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Australian buys $15m ancient prayer book

The 16th-century artifact was bought by Channel 7 chairman and art collector Kerry Stokes and is to be made available to the public for the first time in 500 years.

Also known as a Book of Hours, the illustrated manuscript featured intricate paintings by the best Renaissance artists of its time, but relatively little is known about it.

Mr Stokes revealed in an interview on Sunday Night he was excited to add the tome to his collection, but not for religious reasons.

"I have a reverence with this book because of what it is and what it stood for and this was a moment in time when the church and civilisation was changing. This was a moment in time when we were just starting to discover that the world was round," he told reporter Steve Pennells.

"This is so unique I expect a lot of people will want to come and see it — we will have something else to offer that nobody else has and that’s the Rothschild Prayerbook."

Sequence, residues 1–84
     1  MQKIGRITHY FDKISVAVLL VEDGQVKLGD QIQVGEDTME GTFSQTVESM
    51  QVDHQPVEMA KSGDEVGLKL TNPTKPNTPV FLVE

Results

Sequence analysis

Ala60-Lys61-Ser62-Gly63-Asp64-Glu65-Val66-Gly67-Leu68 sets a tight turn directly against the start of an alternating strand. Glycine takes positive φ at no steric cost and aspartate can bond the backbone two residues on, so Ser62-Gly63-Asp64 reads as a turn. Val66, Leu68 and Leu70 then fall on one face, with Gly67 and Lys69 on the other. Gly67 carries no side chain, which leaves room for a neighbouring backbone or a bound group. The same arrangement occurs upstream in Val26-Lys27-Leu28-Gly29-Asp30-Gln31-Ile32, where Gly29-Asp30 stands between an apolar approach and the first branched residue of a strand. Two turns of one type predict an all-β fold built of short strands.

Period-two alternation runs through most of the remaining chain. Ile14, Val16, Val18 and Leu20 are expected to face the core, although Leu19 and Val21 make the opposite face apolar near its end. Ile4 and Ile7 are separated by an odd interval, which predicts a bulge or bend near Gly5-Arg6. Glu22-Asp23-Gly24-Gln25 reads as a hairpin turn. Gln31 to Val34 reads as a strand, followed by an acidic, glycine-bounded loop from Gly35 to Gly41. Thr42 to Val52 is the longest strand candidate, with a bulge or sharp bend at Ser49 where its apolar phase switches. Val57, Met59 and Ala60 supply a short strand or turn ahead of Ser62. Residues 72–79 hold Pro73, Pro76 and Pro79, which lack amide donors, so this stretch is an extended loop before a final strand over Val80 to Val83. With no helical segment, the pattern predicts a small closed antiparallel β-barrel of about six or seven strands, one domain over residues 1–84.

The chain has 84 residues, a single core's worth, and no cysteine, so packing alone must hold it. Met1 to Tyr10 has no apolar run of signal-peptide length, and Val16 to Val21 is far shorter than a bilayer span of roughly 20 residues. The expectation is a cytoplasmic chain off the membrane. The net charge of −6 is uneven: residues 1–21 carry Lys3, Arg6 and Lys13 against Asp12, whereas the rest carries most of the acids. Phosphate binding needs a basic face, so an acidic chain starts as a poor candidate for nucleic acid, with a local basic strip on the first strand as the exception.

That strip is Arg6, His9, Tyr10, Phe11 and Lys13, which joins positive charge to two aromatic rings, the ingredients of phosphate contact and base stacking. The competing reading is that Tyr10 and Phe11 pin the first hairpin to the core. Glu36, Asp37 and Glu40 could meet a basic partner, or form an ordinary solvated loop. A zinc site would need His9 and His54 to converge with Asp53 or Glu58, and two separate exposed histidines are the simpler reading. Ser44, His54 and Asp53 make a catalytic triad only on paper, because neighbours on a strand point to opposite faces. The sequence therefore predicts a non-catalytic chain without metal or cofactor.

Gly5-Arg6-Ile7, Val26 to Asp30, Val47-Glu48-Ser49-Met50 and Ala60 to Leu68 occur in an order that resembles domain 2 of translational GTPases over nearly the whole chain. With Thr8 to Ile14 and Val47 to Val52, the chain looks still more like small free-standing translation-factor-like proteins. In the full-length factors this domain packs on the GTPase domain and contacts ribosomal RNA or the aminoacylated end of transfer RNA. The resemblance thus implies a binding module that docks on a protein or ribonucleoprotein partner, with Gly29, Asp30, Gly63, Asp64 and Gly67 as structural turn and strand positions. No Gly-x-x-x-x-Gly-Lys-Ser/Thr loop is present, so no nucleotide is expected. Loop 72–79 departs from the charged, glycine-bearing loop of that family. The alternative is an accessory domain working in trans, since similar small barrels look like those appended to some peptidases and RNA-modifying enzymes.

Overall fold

Australian art scholar Dr Kate Challis is one of few people alive today who have examined the book.

Australian art scholar Dr Kate Challis

“It was brought to me and I held it in my hands and I had goose bumps at one moment because I thought, 'Oh my gosh I am holding this book' and there are people who lived 500 years ago who held the book exactly the same way as I did including probably Hitler himself," Dr Challice said.

Lost for over 300 years, it earned its modern name after surfacing in the private collection of the world's most famous banking family, the Rothschilds.

It was stolen from the family by Adolf Hitler during WWII and the Rothschilds spent 60 years fighting the Austrian government for its return.

Experts suspect the book was made for international clientele and members of the Habsburg court in the Netherlands.

The pages are made from animal skin and the borders painted with gold leaf but, mysteriously, four pages are missing.

“It must have been commissioned for an important member of the court and this is the intriguing thing about it, we don’t really know who it was made for," Renaissance manuscript expert Eugenio Donadoni said.

Mr Stokes has announced that the Rothschild Prayerbook will go on tour next year, with public exhibitions planned for Canberra and Melbourne.